September 15. We Are Still Here Australia, New Zealand. Beck Cole (Warumungu, Luritja), Dena Curtis (Warumungu, Warlpiri, Arrernte), Tracey Rigney (Wotjobaluk, Ngarrindjeri), Danielle MacLean (Warumungu, Luritja), Tim Worrall (Ngāi Tūhoe), Renae Maihi (Māori), Miki Magasiva (Samoan), Mario Gaoa (Samoan), Richard Curtis (Ngāti Rongomai, Ngāti Pikiao), Chantelle Burgoyne (Samoan descent). In Māori, Arrernte, Samoan, Turkish, English. We Are Still Here is the collective work of 10 Indigenous filmmakers from Australia, Aotearoa (New Zealand), and Pasifika (the Pacific Islander nations of Sāmoa, Tonga, the Cook Islands, Niue, Tokelau, Tuvalu, and some smaller domains) who share an octet of stories resonating with the rich, complex histories and present realities of their region. Created as a cinematic response to the 250th anniversary of Captain James Cook’s uninvited arrival in the South Pacific, the film is both a stirring response to a colonial icon’s harmful legacy and a strong statement of Indigenous resilience and vitality in the face of persistent oppression.

Also online in Canada - from TIFF Next Wave Film Festival (April 2022)

Slash/Back Narrative feature. Canada. Nyla Innuksuk (Inuit). In English

The debut feature from Iqaluit-raised director Nyla Innuksuk, Slash/Back packs a vivid and thrilling punch, as a girl gang in Pangnirtung, Nunavut, is left to fight off a supernatural apocalypse. Employing strategies from their favorite horror movies, weapons from their kitchens, and power from their friends, the girls must battle a mysterious alien force to save their home.

In-person only

Rosie Narrative feature. Canada. Gail Maurice (Métis) Rosie (Keris Hope Hill) is a visibly Indigenous, English-speaking, sweet, and headstrong little girl and her mother has just died. A children’s services agent brings her to Montreal to her only living relative, her aunt Frédèrique (Mélanie Bray). “Fred” is at first unwilling to take on caring for her adopted sister’s young daughter. The film, set in the 1980s, focuses on characters living on the fringes of society, including a homeless Cree man (Brandon Oakes), and how united and transformed they become through the child. Touching on the Sixties Scoop and disconnection from Indigenous identity, Rosie is an ode to finding your chosen family when your blood relations have been removed from the picture.

Sweet As Narrative feature. Australia. Jub Clerc (Nyul Nyul/Yawuru). A refreshing and uplifting twist on the coming-of-age story with her debut feature, which centers on a 15-year-old Indigenous girl who finds escape and inspiration through photography during a youth-therapy trip in the stunning countryside of Western Australia. Partially inspired by her own childhood, Clerc’s film is a tender, assured story of an Indigenous girl’s coming of age and a much-needed fresh take on this enduring genre, enhanced by Shantae Barnes-Cowan’s layered and captivating performance as Murra.

This Place Narrative feature. Canada. V.T. Nayani. In English, French, Mohawk, Persian, Tamil. This Place is a queer love story at the center of rich interplay and understanding of the Iranian, Kanien’kehá:ka (Mohawk), and Tamil communities, and the feature film debut of the director. Kawenniióhstha (Devery Jacobs) has left her community of Kahnawà:ke near Montreal, to attend university in Toronto and to seek out her estranged father, who is Iranian. Malai (Priya Guns) is contemplating her post-university choices while living in a downtown apartment with her older brother. Kawenniióhstha and Malai, both daughters of refugees, find one another in a Toronto laundromat. With a spark and a missing notebook, their love story begins. However, big life events involving their respective fathers threaten to keep them apart.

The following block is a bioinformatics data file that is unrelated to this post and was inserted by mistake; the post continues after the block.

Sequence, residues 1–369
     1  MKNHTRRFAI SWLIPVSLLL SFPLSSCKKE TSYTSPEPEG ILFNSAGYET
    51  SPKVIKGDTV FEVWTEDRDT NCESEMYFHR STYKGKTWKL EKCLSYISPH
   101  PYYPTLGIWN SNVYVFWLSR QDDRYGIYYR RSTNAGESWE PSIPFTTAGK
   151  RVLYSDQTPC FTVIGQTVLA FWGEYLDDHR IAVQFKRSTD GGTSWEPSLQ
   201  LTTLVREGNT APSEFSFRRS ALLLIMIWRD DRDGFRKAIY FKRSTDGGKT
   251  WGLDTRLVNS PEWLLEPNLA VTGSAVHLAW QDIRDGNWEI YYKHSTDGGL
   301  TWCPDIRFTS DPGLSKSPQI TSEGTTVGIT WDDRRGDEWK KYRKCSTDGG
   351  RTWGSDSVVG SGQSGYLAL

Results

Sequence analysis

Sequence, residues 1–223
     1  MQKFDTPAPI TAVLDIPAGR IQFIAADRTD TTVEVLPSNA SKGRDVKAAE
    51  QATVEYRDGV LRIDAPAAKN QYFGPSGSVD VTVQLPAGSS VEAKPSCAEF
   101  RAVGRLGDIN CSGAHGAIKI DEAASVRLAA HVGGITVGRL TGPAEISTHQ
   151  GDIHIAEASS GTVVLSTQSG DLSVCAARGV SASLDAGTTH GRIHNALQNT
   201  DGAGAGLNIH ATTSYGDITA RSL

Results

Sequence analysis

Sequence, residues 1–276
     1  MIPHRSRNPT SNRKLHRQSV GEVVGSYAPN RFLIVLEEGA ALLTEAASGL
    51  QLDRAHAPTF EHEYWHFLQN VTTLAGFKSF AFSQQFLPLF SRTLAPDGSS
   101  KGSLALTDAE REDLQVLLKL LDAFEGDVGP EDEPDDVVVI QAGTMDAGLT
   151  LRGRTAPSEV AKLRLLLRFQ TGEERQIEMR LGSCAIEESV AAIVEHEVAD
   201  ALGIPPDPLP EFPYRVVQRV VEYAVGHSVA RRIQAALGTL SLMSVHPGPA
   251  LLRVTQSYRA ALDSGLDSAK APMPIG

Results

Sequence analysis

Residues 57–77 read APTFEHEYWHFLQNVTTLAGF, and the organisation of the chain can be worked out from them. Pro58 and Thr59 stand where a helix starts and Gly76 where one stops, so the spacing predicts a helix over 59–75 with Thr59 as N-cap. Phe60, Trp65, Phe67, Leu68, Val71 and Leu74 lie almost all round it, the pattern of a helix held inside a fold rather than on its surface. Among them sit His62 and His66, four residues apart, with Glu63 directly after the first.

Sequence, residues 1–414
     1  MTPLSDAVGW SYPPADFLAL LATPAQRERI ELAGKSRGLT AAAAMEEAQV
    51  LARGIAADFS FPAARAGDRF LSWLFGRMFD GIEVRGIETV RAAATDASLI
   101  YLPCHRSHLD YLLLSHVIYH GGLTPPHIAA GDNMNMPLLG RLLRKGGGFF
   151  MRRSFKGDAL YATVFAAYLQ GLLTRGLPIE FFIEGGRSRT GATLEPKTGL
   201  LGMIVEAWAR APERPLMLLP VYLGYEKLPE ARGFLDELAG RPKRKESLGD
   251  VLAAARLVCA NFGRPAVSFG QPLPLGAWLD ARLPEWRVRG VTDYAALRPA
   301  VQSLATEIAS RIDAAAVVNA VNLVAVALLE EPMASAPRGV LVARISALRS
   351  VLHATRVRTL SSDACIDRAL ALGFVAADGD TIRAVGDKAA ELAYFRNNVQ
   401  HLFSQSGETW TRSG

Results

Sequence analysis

Bones of Crows Narrative feature. Canada. Marie Clements (Métis). Born in the 1920s into a happy, large Cree family, Aline Spears (played at different ages by Summer Testawich, Grace Dove, and Carla Rae) and her siblings are forcibly removed from their home and sent to residential schools. There, they are victims of the cruelty of the priests and nuns who run the school. During World War II, Aline enlists in the military, where, in a great historical irony, her contribution is highly valued precisely because she is still fluent in Cree. After the war, still haunted by the crimes committed against her, she endures years of anguish before she finally has the chance to confront her abusers. The cast boasts talented newcomers and an all-star collection of established Indigenous actors, among them Graham Greene, Brandon Oakes, Glen Gould, Michelle Thrush, Lorne Cardinal, Gail Maurice and legendary filmmaker Alanis Obomsawin.

Buffy Sainte-Marie: Carry It On Documentary feature. Canada. Madison Thomas. The life, music, and activism of legendary Indigenous singer-songwriter Buffy Sainte-Marie are explored in this documentary that is as captivating as its subject, who smashed through barriers to become an inspiration to fans and fellow musicians alike. Sainte-Marie is more than just a singer. Her integrity and insistence on addressing subjects others shied away from gained her great respect. She is still the only Indigenous person to win an Oscar (in 1983 for Best Original Song “Up Where We Belong”) She was also the first recurring Indigenous guest star on Sesame Street.